Organology and the Question of Change


Musicology is a vast study that encompasses many disciplines that go beyond the basics of music history. One of these disciplines is Organology, which is the study of musical instruments. This study includes the history of instruments in certain parts of the world, musical eras, and their function in a social or performance setting. One particular topic of organology caught my attention: the construction of musical instruments. It is obvious that musical instruments have changed throughout time, with some changing more than others. So, why have musical instruments changed so much?

It is a common belief that instruments undergo change when the music changes to make the job of the performer easier and for the music to sound better. But after reading Musicology, from Duckles et al., I’ve found that this isn’t necessarily the case. Contrary to common belief, instruments would change right before the musical style. According to the article, the changing of the instrument would allow for a new exploration of different abilities on these instruments. With this information, I started thinking of the all too common and frequently asked question: what came first, the chicken or the egg? But in this case, what came first, the change of construction on instruments or the change in musical style?

Throughout my education, I have always thought that a musical instrument would change to better play the music at hand. Looking at this from a different perspective, what if the instrument changed and allowed for different music to be written for said instrument? If we take a look at the history of the flute, it is easy to see the extreme difference in musical abilities from the Baroque Era, or earlier, to the 21st Century and modern-day playing. From playing simple rhythms, and step wise or close intervals in a Telemann piece, flute playing was beautiful yet simplistic. In a piece today by Ian Clarke, the whole range of the instrument is used with wide leaps and the use of extended techniques present throughout. So how did this drastic change happen? Was it the composer, or the flute?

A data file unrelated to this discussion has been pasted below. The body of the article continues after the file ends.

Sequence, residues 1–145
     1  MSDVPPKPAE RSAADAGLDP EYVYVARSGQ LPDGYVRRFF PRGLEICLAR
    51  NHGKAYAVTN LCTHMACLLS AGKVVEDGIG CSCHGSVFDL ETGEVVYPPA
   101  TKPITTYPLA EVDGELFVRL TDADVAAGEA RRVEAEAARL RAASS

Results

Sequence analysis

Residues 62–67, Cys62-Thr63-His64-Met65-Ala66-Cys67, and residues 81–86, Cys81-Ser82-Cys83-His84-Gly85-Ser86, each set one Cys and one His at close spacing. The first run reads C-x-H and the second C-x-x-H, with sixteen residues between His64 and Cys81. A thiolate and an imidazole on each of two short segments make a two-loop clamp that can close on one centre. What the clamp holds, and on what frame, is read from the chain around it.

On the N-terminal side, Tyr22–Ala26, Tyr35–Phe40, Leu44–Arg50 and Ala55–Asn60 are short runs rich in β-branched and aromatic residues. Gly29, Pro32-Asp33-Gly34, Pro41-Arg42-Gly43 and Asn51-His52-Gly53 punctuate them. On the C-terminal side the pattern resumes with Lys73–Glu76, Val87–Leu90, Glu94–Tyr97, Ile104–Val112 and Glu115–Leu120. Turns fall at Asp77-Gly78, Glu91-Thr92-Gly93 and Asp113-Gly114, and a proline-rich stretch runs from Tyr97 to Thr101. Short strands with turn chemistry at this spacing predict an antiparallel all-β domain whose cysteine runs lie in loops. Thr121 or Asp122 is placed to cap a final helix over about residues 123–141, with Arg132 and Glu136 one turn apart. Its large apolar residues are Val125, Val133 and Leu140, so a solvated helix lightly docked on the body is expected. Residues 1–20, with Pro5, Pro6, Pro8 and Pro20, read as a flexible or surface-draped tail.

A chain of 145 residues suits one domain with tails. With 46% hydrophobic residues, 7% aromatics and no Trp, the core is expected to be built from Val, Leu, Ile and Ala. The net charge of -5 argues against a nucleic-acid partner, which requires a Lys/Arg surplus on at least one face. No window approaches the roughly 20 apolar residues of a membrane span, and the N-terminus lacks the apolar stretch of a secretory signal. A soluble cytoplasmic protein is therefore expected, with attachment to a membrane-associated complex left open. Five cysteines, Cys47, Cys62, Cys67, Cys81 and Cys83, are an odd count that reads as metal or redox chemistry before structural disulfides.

The construction of flute has changed drastically from first playing similar to a recorder, to playing transversely. Starting with no keys, the Baroque flute was limited on what notes could be played and the distance between the tone holes caused intonation problems. Once certain keys and adjustments were made, the flute was able to play with a more expanded range, faster and more accessible notes in terms of hand positions, and more in tune. This huge change would allow the flute to be able to play at a higher demand from composers. So essentially, composers could have adapted their musical style and explored the new, the improved, model of the flute.

When comparing the music in different musical eras, one can easily see a huge difference in rhythms, dynamics, harmonies and style. Consequently, when comparing the different models of instruments from the different eras, the change can easily be seen as well. The progress of instruments and music throughout time go together hand in hand but when deciding which was the driving factor of change to the other depends on the perspective one has. Just as the progress of  change instruments and music coincide, Musicology and Organology do as well, obviously, and when used together, the question of what came first, the change of instrument or the change of music, can be solved.

Caitlyn Collette



Carroll, Paul. Baroque Woodwind Instruments: A Guide to Their History, Repertoire and Basic Technique. New York, NY: Rutledge, 2016.

Duckles, Vincent, Jann Pasler, Glenn Stanley, Thomas Christensen, Barbara H. Haggh, Robert Balchin, Laurence Libin, Tilman Seebass, Janet K. Page, Lydia Goehr, Bojan Bujic, Eric F. Clarke, Susan McClary, Jean Gribenski, Carolyn Gianturco, Pamela M. Potter, David Fallows, Miloš Velimirović, Gary Tomlinson, Gerard Béhague, Masakata Kanazawa, and Peter Platt. “Musicology.” Grove Music Online. 18 Jan. 2018.

Oler, Wesley M., Jeremy P. S. Montagu, and Friedemann Hellwig. “Definition of Organology.” The Galpin Society Journal 23 (1970): 170-74. doi:10.2307/842101.

Tresch, John, and Emily I. Dolan. “Toward a New Organology: Instruments of Music and Science.” Osiris 28, no. 1 (2013): 278-98. doi:10.1086/671381.




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